Since the user is actively trying to find your good or service, search ads can produce golden opportunities. We recently ran a campaign in which our average cost per lead through Google search ads was about $45. Given the price point of our product, we’d have gladly paid over $100 per lead. It’s up to you to determine what you’re willing to pay in order to acquire a high quality lead. If you have a lead-dependent marketing plan and you can’t seem to find a comfortable cost-point for search ads, you may want to re-think your marketing plan and/or your business model.
Google Display Ads
The Google Display Network (GDN) posts your ads for people to see passively while they’re surfing their favorite websites, checking their email, or using their cell phones or tablets. You can target your ads to very specific audiences including demographics, geography and past Internet behavior, such as people who’ve already visited your site. You can find more about the GDN here. Display ads are usually purchased on a Cost-per-Thousand (CPM) basis, which means you pay for every thousand times your ad is viewable by your target audience, called impressions, whether they click on it or not.
You can’t always guarantee that your ad will be displayed on an appropriate site in an appropriate manner. As specific as your targeting might be, it’s not uncommon for a B2B ad to appear on a children’s website, for example. This simply dilutes the effectiveness of your ad. You may want to investigate other display ad options if it’s absolutely critical that your ads always be displayed appropriately. One option is to negotiate with various advertising venues directly.
Social Media Ads
Practically every social media platform has some way for businesses to engage with its users. In the case of Facebook or LinkedIn, companies can set up their own pages and post content to it as though they were an individual. They can purchase advertising in a variety of ways. Both Facebook and LinkedIn tout their own lead generation systems in which you can create an ad with a contact form within their platform. The contact information is accessible through your business account or can be forwarded to you by email. Without going into all the nitty-gritty, I’m just going to say a few words about each of these.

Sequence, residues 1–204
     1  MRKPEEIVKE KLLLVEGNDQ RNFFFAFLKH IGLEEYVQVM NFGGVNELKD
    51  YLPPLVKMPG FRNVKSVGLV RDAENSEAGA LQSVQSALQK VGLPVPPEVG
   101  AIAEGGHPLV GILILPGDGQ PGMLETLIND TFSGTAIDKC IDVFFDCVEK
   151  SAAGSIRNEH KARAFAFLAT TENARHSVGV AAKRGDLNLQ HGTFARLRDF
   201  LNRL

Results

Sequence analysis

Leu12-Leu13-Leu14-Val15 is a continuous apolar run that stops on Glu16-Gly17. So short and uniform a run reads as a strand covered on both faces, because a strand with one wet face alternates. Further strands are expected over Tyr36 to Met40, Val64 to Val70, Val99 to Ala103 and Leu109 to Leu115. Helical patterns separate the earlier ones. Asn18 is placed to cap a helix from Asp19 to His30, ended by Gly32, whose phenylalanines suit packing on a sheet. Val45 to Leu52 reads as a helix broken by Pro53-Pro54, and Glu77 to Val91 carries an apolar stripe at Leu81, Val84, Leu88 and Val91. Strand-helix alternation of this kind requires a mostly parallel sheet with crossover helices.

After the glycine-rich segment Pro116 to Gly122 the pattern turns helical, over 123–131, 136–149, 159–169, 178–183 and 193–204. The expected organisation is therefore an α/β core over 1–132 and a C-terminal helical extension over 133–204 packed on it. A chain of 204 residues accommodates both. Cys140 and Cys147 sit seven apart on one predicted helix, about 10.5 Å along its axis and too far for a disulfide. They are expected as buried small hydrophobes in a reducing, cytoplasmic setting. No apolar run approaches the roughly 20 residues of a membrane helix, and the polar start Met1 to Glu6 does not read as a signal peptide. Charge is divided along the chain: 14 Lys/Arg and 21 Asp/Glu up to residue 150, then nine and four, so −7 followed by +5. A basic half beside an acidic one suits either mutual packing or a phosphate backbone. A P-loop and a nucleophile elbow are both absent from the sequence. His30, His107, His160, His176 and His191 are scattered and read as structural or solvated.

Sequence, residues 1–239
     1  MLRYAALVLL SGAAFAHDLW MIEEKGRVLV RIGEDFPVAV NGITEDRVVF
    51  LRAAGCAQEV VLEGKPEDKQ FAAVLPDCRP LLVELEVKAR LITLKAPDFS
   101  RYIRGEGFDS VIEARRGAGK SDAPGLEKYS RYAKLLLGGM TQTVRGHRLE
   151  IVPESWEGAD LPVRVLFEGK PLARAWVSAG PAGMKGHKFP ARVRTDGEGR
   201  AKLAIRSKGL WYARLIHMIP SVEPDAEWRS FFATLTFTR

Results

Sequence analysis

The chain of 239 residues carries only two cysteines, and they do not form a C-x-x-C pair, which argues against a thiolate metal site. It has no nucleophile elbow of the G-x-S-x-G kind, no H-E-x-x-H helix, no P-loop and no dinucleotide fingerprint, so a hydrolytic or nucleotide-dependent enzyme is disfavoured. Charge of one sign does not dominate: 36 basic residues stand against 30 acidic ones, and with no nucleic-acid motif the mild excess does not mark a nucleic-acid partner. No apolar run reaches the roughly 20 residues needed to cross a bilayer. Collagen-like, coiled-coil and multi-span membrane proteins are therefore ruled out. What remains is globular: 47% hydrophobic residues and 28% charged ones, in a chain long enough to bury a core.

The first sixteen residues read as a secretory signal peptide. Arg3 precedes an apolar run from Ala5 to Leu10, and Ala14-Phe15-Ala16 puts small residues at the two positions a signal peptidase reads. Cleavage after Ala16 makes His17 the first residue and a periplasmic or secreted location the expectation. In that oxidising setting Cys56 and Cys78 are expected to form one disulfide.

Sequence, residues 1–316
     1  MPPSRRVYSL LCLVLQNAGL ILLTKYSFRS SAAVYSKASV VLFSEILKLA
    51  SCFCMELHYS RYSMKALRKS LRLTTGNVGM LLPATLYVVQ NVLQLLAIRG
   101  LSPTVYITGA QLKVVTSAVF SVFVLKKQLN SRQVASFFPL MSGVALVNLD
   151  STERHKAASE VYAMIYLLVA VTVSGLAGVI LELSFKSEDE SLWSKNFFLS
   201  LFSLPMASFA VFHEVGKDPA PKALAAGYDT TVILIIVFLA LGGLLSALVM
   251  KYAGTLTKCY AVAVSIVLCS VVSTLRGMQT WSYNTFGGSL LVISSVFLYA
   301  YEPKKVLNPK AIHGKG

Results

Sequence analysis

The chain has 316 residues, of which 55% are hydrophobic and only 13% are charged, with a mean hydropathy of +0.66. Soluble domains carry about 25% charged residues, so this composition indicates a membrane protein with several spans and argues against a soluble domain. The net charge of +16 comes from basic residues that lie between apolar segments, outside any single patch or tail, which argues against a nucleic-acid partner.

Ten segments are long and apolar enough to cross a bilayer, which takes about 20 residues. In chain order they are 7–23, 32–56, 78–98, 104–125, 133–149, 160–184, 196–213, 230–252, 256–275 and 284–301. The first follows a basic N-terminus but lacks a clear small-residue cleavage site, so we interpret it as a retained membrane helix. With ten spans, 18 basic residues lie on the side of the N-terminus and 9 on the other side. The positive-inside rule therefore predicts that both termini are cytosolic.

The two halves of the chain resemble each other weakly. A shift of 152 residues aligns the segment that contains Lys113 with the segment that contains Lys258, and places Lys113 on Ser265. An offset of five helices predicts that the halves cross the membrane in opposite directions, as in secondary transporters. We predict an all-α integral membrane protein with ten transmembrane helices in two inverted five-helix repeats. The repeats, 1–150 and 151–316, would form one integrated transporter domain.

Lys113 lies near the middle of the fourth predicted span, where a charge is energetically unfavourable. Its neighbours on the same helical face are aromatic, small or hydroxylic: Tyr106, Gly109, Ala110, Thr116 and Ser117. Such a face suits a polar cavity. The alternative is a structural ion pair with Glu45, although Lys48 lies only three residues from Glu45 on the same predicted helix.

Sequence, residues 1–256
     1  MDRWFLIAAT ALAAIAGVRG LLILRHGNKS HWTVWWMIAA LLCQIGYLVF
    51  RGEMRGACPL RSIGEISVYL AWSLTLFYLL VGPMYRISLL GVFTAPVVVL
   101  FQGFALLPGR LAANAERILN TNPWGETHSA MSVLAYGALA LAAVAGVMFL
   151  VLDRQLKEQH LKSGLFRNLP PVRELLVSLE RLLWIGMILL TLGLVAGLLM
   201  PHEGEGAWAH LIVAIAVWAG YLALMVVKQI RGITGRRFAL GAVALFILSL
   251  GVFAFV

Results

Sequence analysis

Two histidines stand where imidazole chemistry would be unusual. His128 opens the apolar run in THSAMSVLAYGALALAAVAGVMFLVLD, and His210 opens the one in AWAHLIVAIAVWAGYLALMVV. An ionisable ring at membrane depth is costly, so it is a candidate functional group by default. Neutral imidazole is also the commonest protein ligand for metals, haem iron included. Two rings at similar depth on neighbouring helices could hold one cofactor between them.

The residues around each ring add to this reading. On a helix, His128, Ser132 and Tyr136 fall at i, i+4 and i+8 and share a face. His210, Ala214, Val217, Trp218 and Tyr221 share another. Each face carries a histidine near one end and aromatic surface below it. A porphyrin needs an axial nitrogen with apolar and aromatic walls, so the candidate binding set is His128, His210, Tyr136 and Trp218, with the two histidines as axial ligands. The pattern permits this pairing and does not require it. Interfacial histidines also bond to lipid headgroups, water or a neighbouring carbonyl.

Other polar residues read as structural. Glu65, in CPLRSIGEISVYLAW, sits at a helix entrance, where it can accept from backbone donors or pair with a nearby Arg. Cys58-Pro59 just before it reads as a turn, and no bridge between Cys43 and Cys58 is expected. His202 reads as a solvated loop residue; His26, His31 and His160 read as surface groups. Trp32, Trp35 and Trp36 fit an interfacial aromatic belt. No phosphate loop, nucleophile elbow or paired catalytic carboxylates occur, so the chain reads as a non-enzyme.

Facebook is considered one half (or thereabouts) of what is referred to as the Internet duopoly. The other half is Google. Together, they dominate the advertising marketplace leaving all other providers in a distant third.
My personal experience, particularly with small businesses, is that it’s not a good place to actually sell things. However, it can be a great place to build brand awareness and generate leads, especially for B2C marketers. But I wouldn’t use their internal lead generation system. The leads I recently obtained through that system were of a very poor quality. It seemed to produce people who had no recollection of filling out our form and had no interest in our product. I don’t know how their forms were forwarded to us. I highly recommend driving traffic back to your own landing pages and lead-capture mechanisms.
There’s at least one exception that I’ve seen as far as generating B2C sales on Facebook. Facebook can drive sign-up rates for personal services such as massage, yoga, or exercise classes when targeted to the right demographic, especially locals.
I find that LinkedIn is the best social media platform for B2B brands. It is a great place to establish thought leadership within your expertise. With its ability to segment your audience by geography, industry, job experience, function and title, it’s easy to hone right in to the decision makers and influencers who need what you sell.
Finally, email is where you nurture leads until you close them. Depending on your business model you’ll want to touch base with your leads at least once a month, in my opinion. Once a week is optimal for most businesses, and once a day is not at all unusual. Again, it all depends on your particular model.